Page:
Sleep and Mental Health

There is a close relationship between sleep and mental health. Experiencing poor mental wellbeing can affect how well you sleep, and poor sleep can have a negative impact on your mental health. Studies show that as well as linking to our mental health, the pattern and quality of our sleep is closely linked to our immune system, our brain function, mood, blood pressure and physical health.

In short, sleep is a fundamental foundation for overall health.

When we experience challenges to our mental health this can have an impact on our sleep pattern.

We have no control over what happens when we sleep but we can control what we do throughout the day to prepare for a better night’s sleep. Sleep hygiene and the environment in which we go to sleep are really important.

The Mental Health Foundation suggests:

  • Establish a regular, relaxing bedtime routine that lets you unwind and sends a signal to your brain that it's time to sleep.
  • Create a restful environment: bedrooms that are dark, cool and quiet are generally easier to fall asleep and stay asleep in.
  • Try to go to sleep and wake up at the same time each day.
  • Exercise regularly but avoid vigorous exercise near bedtime if it affects your sleep.
  • Avoid caffeine and alcohol before bed. They can stop you falling asleep and prevent deep sleep.
  • Only use your bed for sleep or sex. Unlike most physical activity, sex makes us sleepy.
  • Try apps and online programmes designed to help with sleep problems such as Pzizz, Sleepio (available free to residents in Fleet, Farnborough, Aldershot and Yateley) or Sleepstation.
  • Avoid using screens in the evening, including on smartphones and tablets. The light from the screen can have a negative effect on sleep, and social media, news and games can all stimulate your brain and make you feel anxious.
  • Write down your worries if you lie awake worrying about tomorrow. This can help put your mind at rest.
  • If you can't sleep, don't worry about it. Get up and do something relaxing like listening to music or reading until you feel sleepy.

You can call the National Sleep Helpline on 03303 530 541 to speak to trained sleep advisors. They are available Sunday – Thursday, 7pm – 9pm. Please note you will be charged your standard network rate.

If poor sleep is affecting your daily life or causing you distress, call NHS 111 or talk to your GP.

NHS information Helping your baby to sleep guide and Sleep and tiredness after having a baby.

The Sleep Charity information and support for children including information on sleep for children with SEND.

Hampshire libraries When a Book Might Help list on Bedtime Worries and Struggles.

Scope has a Sleep Right podcast sharing knowledge and tips to help disabled children and their families to get a good night’s sleep.

Sleep – a guide for parents of autistic children by the National Autistic Society.

Hampshire Healthy Families provides information on a range of topics including sleep, and also signposts to the anonymous text messaging support service ChatHealth for parents/carers and young people.

Wessex Healthier Together, a local family health NHS website, lists top tips and resources on sleep from birth to age 11.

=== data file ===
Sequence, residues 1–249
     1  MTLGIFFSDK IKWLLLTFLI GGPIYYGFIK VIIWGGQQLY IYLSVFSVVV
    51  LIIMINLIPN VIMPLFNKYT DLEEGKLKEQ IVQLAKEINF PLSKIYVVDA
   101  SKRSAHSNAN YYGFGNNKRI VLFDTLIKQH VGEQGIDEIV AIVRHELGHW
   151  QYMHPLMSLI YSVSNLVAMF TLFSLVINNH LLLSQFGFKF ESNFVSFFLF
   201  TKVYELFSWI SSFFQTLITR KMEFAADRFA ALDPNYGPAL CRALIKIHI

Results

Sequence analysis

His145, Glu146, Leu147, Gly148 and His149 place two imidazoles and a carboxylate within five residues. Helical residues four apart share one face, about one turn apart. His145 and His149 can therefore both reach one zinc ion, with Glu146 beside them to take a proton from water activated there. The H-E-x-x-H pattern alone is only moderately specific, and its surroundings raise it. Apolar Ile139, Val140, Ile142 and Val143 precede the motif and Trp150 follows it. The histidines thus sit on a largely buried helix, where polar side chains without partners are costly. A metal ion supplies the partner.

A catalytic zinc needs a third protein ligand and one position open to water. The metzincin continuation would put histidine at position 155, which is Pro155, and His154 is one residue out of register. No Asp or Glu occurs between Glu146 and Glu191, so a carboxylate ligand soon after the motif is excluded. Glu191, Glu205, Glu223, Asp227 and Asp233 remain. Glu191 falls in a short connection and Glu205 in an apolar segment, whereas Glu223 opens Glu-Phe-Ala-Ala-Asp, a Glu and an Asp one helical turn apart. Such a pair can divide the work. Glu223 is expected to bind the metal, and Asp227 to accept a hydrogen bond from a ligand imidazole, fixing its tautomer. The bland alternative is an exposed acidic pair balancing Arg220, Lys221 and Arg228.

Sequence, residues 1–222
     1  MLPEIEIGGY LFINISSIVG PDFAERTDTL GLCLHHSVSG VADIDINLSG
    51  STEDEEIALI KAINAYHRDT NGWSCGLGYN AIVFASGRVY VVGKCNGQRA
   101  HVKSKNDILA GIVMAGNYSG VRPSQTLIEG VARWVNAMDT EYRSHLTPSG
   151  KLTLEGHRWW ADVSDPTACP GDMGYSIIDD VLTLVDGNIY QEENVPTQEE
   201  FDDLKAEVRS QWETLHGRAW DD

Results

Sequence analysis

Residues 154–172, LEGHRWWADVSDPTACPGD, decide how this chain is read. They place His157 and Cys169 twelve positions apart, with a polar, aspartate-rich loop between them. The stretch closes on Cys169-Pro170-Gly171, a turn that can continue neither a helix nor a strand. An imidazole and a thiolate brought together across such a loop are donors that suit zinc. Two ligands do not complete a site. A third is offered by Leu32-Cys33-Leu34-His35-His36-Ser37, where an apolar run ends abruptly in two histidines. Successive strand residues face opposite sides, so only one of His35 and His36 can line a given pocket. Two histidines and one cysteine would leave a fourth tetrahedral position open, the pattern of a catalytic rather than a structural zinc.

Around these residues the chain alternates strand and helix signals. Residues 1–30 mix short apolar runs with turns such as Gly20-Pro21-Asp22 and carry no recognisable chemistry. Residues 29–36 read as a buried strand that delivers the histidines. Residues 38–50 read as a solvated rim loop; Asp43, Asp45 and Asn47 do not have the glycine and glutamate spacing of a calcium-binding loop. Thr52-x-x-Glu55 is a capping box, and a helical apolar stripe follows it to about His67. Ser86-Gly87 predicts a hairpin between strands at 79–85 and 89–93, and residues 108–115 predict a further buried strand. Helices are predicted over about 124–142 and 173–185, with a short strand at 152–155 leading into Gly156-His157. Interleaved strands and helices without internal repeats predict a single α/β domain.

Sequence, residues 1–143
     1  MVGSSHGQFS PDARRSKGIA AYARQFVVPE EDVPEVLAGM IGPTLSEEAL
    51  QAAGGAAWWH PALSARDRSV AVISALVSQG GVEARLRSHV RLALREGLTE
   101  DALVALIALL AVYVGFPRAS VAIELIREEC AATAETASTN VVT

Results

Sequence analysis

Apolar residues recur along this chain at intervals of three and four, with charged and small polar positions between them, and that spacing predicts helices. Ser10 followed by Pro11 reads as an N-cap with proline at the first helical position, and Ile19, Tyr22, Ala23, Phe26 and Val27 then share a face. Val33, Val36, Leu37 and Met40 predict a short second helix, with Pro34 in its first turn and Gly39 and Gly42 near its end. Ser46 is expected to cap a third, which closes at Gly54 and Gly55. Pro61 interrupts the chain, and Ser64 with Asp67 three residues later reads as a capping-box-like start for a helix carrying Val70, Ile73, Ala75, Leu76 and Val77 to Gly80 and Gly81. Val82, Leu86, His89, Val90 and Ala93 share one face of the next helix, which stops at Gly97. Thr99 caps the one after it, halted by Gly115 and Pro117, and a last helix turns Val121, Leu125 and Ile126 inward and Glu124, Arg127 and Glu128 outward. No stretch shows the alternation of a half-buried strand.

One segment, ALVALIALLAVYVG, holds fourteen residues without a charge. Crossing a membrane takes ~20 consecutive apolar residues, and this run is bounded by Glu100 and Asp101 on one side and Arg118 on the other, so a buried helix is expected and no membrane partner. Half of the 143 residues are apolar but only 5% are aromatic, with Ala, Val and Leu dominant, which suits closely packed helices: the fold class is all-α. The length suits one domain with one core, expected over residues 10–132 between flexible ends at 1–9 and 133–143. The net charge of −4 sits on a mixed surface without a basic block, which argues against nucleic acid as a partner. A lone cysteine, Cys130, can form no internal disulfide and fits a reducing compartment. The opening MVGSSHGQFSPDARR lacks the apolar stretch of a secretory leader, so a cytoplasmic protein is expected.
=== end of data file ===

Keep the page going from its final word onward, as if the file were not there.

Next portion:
Young Minds Sleep Problems: a guide for young people.

Teen Sleep Hub has information for young people and parents/carers.

Hampshire Camhs offer some advice on sleep including links to apps that might help.

Every Mind Matters sleep information.

The NHS has information about sleep and tiredness.

How to Sleep Better guide from the Mental Health Foundation looks at improving the quality of your sleep, what causes sleep disorders and possible solutions, top tips from a sleep doctor, and a sleep diary template.

The Sleep Charity information and support for adults, which includes topics such as shift work, or sleep and the menopause.

Mind’s Sleep and Mental Health information (you can also view this as a pdf). Solent Mind have also produced a Sleep Toolkit.

Sleep – a guide for autistic adults by the National Autistic Society.

If you are frequently waking up in the night to use the toilet, read more about Nocturia and how to prevent it What is Nocturia? – Bladder and Bowel UK Blog.

It’s not unusual to experience trouble sleeping as one of the symptoms of anxiety, depression, OCD, PTSD or phobias. However, sleep can be affected by many things, in many ways, so these services do not offer a generic solution for sleep. Instead, they aim to help you achieve your wellbeing goals in a way that is tailored to you and the symptoms you are experiencing. The services are free of charge on the NHS for adults aged 16+, registered with a Hampshire GP.

TalkPlus for residents in Rushmoor, Fleet and Yateley, has produced a Getting Better Sleep video. They also offer CBT for insomnia. You can self-refer online at or call 01252 533355.

italk for residents in Alton, Andover, Basingstoke, Bordon, Eastleigh, Fareham, Gosport, Havant, New Forest, Petersfield, Romsey and Winchester offers a range of treatments for symptoms of anxiety, depression, OCD, PTSD or phobias. Self-refer and book your initial assessment online at or call 023 8038 3920. Assessment appointments are typically available within two weeks and are held as a 30-45 minute phone call with one of our practitioners.

Or you can get started straightaway with of their easy-access options, which are available without needing an assessment for people with milder symptoms.

SilverCloud, our online CBT programme. There’s no waiting list and you do not need to commit to regular appointments, simply sign up online. It is available 24/7 from any device and offers a wide range of content so you can choose the most relevant topics to you.

Our classes and courses teach insights into how symptoms arise, and self-help techniques for managing them. They offer specific classes for carers, military partners, people living with Long Covid, or diabetes, for more tailored guidance.